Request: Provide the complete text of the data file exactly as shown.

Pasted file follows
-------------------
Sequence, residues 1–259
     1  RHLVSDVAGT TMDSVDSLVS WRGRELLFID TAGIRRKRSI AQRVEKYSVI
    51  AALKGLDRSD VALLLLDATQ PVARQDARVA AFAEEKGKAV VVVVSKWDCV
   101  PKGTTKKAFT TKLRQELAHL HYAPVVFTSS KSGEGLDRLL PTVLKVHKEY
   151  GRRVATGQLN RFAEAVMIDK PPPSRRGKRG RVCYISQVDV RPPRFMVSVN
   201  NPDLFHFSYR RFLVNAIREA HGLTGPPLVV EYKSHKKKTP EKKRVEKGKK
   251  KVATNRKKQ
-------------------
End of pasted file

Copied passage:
Sequence, residues 1–259
     1  RHLVSDVAGT TMDSVDSLVS WRGRELLFID TAGIRRKRSI AQRVEKYSVI
    51  AALKGLDRSD VALLLLDATQ PVARQDARVA AFAEEKGKAV VVVVSKWDCV
   101  PKGTTKKAFT TKLRQELAHL HYAPVVFTSS KSGEGLDRLL PTVLKVHKEY
   151  GRRVATGQLN RFAEAVMIDK PPPSRRGKRG RVCYISQVDV RPPRFMVSVN
   201  NPDLFHFSYR RFLVNAIREA HGLTGPPLVV EYKSHKKKTP EKKRVEKGKK
   251  KVATNRKKQ